John Bwarie:    Right.

Seleta Reynolds:           And they don’t think anybody cares right? When they can find more cannabis stores than grocery stores in a three block radius, why would they think that the city’s there to do anything for them? But for the Great Streets challenge, we got way more applications from low income neighborhoods and in fact, the largest number of applications came from Boyle Heights. But we also had applications from Panorama City and from Pacoima and from South L.A..

John Bwarie:    Traditionally, lower income communities, lower engaged communities.

Seleta Reynolds:           Yeah. And I think part of that was due to the fact that the people in the Great Streets studio, they did the work. They did focused work to make connections, to organizers in those communities to alert them to the opportunity. My second hypothesis, nickel theory is that, the groups in those neighborhoods were more open to change. They were more willing to take risks because the problems they confront are much more intense. Right? Not to diminish the challenges the folks in high income neighborhoods, there’s challenges all over, but people driving 35 miles an hour down your residential street in Westwood is different than somebody getting killed on foot once a month in South L.A.. Right? And so the projects that came out of that effort were great, and the second round made it into a program that had more permanent kind of installations. And at the same time we have other application driven programs Play Streets, People Streets that we’ve incubated and grown those.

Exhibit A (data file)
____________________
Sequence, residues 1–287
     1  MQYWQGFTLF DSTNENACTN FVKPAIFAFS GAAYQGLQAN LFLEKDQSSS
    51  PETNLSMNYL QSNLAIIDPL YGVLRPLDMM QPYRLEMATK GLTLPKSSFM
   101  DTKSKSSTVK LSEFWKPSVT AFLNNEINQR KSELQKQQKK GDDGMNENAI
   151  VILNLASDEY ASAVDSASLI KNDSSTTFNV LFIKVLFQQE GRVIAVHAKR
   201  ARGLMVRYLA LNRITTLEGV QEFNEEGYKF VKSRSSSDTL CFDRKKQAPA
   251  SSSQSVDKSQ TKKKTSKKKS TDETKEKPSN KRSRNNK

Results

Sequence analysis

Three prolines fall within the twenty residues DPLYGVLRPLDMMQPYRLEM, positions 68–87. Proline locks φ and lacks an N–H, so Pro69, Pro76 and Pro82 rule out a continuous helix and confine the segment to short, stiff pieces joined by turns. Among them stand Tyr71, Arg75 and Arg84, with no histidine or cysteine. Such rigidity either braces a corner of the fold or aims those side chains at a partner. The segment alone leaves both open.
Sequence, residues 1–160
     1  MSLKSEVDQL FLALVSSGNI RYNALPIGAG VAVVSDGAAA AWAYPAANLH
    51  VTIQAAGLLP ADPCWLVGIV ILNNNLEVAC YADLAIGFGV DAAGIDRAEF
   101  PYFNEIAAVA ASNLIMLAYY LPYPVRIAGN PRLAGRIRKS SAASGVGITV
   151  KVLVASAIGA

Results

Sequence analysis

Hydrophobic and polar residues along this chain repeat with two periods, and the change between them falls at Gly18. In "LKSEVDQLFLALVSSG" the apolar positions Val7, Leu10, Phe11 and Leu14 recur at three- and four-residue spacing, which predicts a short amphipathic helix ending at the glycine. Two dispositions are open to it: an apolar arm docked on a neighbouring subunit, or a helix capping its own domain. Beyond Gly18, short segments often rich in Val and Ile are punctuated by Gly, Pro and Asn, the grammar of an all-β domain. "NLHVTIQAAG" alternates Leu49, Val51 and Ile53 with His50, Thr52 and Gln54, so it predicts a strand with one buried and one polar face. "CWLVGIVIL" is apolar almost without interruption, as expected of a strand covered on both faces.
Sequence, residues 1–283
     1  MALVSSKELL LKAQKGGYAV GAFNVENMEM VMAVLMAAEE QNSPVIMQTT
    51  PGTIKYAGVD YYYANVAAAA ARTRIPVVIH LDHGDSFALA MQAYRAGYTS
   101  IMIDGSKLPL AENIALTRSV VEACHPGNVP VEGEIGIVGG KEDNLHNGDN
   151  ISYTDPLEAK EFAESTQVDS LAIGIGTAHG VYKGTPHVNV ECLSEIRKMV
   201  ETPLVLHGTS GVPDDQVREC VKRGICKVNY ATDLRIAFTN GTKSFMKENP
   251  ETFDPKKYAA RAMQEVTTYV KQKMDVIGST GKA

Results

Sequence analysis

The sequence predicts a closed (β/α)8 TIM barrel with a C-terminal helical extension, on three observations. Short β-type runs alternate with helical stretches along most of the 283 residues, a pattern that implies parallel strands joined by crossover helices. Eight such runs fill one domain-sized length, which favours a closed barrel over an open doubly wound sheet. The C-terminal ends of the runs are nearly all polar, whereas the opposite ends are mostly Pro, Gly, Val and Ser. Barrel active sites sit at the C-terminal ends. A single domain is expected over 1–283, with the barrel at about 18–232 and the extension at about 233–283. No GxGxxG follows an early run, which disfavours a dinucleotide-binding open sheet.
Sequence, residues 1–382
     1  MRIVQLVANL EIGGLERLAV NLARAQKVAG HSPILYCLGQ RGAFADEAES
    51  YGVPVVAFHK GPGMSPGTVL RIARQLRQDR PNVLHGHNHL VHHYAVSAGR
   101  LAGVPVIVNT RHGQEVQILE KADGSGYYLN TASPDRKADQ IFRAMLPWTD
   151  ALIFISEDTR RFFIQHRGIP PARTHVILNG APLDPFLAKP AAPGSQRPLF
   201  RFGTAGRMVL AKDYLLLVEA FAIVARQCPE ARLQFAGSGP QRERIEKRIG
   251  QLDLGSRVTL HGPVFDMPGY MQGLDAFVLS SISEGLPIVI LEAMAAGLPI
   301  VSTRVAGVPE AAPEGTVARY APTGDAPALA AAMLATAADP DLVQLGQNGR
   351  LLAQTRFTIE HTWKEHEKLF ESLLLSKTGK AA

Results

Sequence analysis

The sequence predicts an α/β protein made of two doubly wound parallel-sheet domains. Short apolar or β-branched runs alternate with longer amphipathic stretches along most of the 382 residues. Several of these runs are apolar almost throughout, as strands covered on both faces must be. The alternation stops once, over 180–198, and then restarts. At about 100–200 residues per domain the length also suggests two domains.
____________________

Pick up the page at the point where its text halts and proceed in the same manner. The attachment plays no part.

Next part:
And so that’s one creative way to try and engage a community, is to actually say, “Hey, I have some money, here’s a policy framework, why don’t y’all get together and tell me what you would do to solve this problem? I will make my technical staff available to do what they do best.”

John Bwarie:    Right.

Seleta Reynolds:           Which is to say, “No, I’m sorry. You cannot do a giant sculpture in the middle of the road, but yes, we can do something more creative with the way that the crosswalk is marked.” Right? To try and get to yes. I think that there’s been some interesting work done around partnerships with artists, health and wellness organizations, and other community based organizations that we’ve found success with partnering with them.

John Bwarie:    Indicating of course, you’re a transportation agency-

Seleta Reynolds:           Yup.

John Bwarie:    And now you’re finding maybe unusual partners-

Seleta Reynolds:           Yes.